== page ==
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Sturm-louville question

  1. Aug 13, 2014 #1

    joshmccraney

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    hi pf!

    ok, so my math text for PDE's states the following theorem: $$f(x) = \sum_n a_n \phi_n (x)$$ for "nice enough" functions. however, the next theorem states that ##\phi_n (x)## and ##\phi_m (x)## are orthogonal relative to a weight function, ##\sigma(x)##. in other words, $$\int_\Omega \phi_n(x) \phi_m(x) \sigma(x) dx = 0 : m \neq n$$
    can someone explain why this would be zero?

    thanks!
     
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  3. Aug 14, 2014 #2

    MathematicalPhysicist

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    If [tex]\phi_m[/tex] is an orthogonal basis with respect to a dot product of the form:

    [tex]<f,g> = \int fg w[/tex] for some weight function w then obviously by definition the above product should vanish since that's the definitino of orthogonal basis.
     
  4. Aug 14, 2014 #3

    micromass

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    You should see this as a far-reaching generalization of Fourier series. Indeed, we have that

    $$f(x) = \sum_n a_n \sin(nx) + b_n \cos(nx)$$

    for "nice enough" functions, and the functions ##\sin(nx)## and ##\cos(nx)## are orthogonal in the sense that

    $$\int_{-\pi}^\pi \sin(nx)\sin(mx)dx = \int_{-\pi}^\pi \sin(nx)\cos(mx)dx = 0.$$
     
  5. Aug 14, 2014 #4

    ShayanJ

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    Take a look at this.
     
  6. Aug 14, 2014 #5

    joshmccraney

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    This looks very similar to my text. I notice page 197-198 they use this orthogonality relation, but it's taken from the preceding theorem on page 189, part 3. But why is this the case. For sure it's true with sine and cosines. But then there's the ##\sigma##.

    thanks for your help
     
  7. Aug 14, 2014 #6

    joshmccraney

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    Yes, this is how I began to accept the theorem, but what about that ##\sigma(x)##? That's what threw me off.
     
  8. Aug 14, 2014 #7

    pasmith

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    The general theory of linear operators on an inner product space then says that if an operator is self-adjoint with respect to the inner product then its eigenvalues (if any) are real, and that eigenvectors corresponding to different eigenvalues are orthogonal with respect to the inner product. By definition, [itex]f[/itex] and [itex]g[/itex] are orthogonal with respect to an inner product [itex]\langle \cdot, \cdot \rangle[/itex] if and only if [itex]\langle f, g \rangle = 0[/itex], and the operator [itex]A[/itex] is self-adjoint if and only if [itex]\langle A(f), g \rangle = \langle f, A(g) \rangle[/itex] for every [itex]f[/itex] and [itex]g[/itex] in the space.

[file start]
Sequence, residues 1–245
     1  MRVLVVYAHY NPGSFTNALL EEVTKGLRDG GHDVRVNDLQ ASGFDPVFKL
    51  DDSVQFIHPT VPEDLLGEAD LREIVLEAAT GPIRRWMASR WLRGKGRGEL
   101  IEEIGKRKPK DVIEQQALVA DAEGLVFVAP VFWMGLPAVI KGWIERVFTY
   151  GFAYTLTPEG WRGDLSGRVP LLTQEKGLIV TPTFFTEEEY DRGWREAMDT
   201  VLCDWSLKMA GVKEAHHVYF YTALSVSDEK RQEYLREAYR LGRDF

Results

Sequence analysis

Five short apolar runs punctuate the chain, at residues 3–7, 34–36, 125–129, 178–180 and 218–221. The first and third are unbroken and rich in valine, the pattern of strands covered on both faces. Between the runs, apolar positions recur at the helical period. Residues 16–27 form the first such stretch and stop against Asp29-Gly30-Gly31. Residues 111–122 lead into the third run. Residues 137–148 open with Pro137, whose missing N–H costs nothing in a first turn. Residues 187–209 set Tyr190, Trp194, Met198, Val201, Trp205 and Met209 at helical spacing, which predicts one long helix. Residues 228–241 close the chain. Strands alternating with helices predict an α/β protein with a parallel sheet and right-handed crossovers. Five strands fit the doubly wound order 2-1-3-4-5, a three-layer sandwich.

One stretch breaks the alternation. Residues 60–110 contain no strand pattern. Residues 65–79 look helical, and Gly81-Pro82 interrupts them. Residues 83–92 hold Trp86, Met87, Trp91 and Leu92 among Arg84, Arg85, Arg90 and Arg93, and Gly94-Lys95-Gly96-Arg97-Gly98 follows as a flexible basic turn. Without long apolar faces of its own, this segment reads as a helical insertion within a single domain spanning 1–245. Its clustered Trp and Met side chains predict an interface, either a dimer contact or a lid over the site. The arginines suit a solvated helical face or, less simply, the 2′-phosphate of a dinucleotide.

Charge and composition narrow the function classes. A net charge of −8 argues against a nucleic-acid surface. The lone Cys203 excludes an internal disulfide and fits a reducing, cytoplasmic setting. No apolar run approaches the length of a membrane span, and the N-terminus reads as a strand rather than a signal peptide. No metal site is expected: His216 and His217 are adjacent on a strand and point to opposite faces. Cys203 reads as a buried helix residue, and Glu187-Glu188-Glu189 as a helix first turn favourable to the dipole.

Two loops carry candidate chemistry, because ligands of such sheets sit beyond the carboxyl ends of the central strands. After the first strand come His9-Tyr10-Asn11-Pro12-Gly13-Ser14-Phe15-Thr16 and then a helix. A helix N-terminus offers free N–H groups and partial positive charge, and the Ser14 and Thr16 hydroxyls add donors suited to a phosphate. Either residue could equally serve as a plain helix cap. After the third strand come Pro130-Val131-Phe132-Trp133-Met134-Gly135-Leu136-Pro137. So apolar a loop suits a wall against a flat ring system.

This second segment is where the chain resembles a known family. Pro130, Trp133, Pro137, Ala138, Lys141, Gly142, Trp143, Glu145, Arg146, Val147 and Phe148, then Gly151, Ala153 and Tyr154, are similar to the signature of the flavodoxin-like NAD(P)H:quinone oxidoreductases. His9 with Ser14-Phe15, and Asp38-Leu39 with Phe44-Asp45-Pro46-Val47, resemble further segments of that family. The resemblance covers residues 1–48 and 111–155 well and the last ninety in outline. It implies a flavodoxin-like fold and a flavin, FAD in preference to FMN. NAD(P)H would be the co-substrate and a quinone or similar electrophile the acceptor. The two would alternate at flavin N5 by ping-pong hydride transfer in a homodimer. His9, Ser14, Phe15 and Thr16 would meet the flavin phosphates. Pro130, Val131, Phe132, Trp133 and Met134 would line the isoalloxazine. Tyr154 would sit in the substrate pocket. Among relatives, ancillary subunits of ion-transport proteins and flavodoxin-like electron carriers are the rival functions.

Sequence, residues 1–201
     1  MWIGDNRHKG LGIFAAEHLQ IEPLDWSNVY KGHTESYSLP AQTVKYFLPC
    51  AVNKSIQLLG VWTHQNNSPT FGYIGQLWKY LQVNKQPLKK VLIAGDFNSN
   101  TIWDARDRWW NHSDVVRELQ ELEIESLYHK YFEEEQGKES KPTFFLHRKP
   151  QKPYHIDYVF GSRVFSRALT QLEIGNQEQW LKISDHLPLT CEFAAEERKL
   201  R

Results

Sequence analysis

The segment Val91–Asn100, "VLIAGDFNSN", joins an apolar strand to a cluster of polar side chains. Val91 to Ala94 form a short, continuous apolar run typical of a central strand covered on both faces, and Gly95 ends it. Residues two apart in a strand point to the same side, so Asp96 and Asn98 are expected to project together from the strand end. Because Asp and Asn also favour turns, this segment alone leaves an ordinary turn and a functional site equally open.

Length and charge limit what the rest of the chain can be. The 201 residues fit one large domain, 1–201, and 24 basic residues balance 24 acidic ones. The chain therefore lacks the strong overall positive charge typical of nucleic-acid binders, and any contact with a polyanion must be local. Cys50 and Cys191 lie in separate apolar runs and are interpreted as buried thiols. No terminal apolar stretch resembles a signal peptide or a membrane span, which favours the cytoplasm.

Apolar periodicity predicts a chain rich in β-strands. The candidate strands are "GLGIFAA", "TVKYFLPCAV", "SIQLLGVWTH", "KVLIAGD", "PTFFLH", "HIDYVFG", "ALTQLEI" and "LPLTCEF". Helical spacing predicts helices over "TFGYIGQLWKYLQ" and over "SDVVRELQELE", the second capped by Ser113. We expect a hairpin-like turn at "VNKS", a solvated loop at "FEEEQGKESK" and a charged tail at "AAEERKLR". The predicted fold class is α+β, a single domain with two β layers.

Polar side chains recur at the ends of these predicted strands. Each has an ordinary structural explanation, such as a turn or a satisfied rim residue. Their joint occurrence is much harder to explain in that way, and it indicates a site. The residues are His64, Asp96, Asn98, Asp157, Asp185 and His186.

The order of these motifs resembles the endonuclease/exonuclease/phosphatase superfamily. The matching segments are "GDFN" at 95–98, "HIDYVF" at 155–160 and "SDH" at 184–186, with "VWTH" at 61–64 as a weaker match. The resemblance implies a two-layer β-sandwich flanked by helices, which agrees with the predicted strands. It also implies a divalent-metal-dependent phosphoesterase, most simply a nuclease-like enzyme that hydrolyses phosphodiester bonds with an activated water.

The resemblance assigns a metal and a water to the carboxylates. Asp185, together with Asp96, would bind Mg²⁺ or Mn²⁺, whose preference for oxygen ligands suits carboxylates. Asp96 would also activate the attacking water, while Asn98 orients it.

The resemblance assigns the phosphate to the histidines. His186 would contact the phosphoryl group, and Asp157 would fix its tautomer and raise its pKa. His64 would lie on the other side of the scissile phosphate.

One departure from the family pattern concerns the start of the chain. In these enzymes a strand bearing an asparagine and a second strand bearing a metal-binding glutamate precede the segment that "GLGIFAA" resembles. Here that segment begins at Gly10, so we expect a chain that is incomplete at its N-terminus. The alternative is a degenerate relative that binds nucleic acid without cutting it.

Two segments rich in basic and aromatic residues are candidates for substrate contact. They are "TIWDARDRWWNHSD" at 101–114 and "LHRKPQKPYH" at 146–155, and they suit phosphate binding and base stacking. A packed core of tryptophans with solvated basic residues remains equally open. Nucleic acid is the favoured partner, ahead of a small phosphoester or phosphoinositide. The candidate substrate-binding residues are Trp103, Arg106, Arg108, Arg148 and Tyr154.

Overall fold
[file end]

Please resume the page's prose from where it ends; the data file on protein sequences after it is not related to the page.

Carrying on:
Now with suitable boundary conditions it can be shown that the second order linear differential operator [itex]\mathcal{L}_1(y) = (p(x)y')' - q(x)y[/itex] is self-adjoint with respect to the inner product [tex]
    \langle f, g \rangle_1 = \int_a^b f(x)g(x)\,dx.
    [/tex]

    Consider now the most general linear second-order differential operator [tex]\mathcal{L}(y) = y'' + B(x)y' + C(x)y.[/tex] This can be put into self-adoint form by taking [tex]
    y'' + B(x)y' + C(x)y = \frac{1}{w(x)}\left( \frac{d}{dx}(p(x)y') - q(x)y\right)
    [/tex] where [itex]w[/itex], [itex]p[/itex] and [itex]q[/itex] can be found in terms of [itex]B[/itex] and [itex]C[/itex] as [tex]
    w(x) = \exp\left( \int B(x)\,dx\right), \\
    p(x) = \exp\left( \int B(x)\,dx \right), \\
    q(x) = - C(x) \exp\left( \int B(x)\,dx \right).
    [/tex]
    It follows that [itex]\mathcal{L} = (1/w(x))\mathcal{L}_1[/itex] is self-adjoint with respect to the inner product [tex]
    \langle f, g \rangle_2 = \int_a^b w(x)f(x)g(x)\,dx.
    [/tex] (I suppose one should at some point prove that if [itex]w(x) > 0[/itex] on [itex](a,b)[/itex] then indeed this is an inner product). Thus if you include a weight function then you can apply Sturm-Liouville theory to any second-order linear differential operator, and the most frequent example in practice (aside from fourier series) are the Bessel functions which arise in separable solutions of Laplace's equation in cylindrical polar coordinates and are the solutions of [tex]
    y'' + \frac{y'}{x} - \frac{\alpha^2}{x^2}y = \lambda y,
    [/tex] where [itex]\alpha[/itex] is a parameter and for which we find [itex]w(x) = x[/itex].
     
  9. Aug 14, 2014 #8

    AlephZero

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    We don't know how your textbook motivated this, but in practice you might start with the function ##\sigma## and then derive some orthogonal functions that are consistent with it.

    For example if you want to work in cylindrical coordinates, translating some physics into a double integral over an area is likely to include ##\iint \dots\, r\,dr\,d\theta## as the element of area, so you would probably want to take ##\sigma(r) = r##. In that situation, the relevant orthogonal functions are Bessel functions, not sines and cosines.

    Most of the other "special functions" in mathematical physics (e.g. Legendre, Laguerre, and Chebyshev polynomials, etc) have similar orthogonality relations with different functions ##\sigma##. You can consider Sturm-Liouville theory as a generalization of all these "special cases".
     
    Last edited: Aug 14, 2014
  10. Aug 14, 2014 #9

    ShayanJ

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    Page 195, proof of theorem 6.9!!!
    The weight function appears because sometimes you should multiply a function by the operator so that the operator becomes self-adjoint.
    Just read the paper from beginning and you'll get your answer.
     
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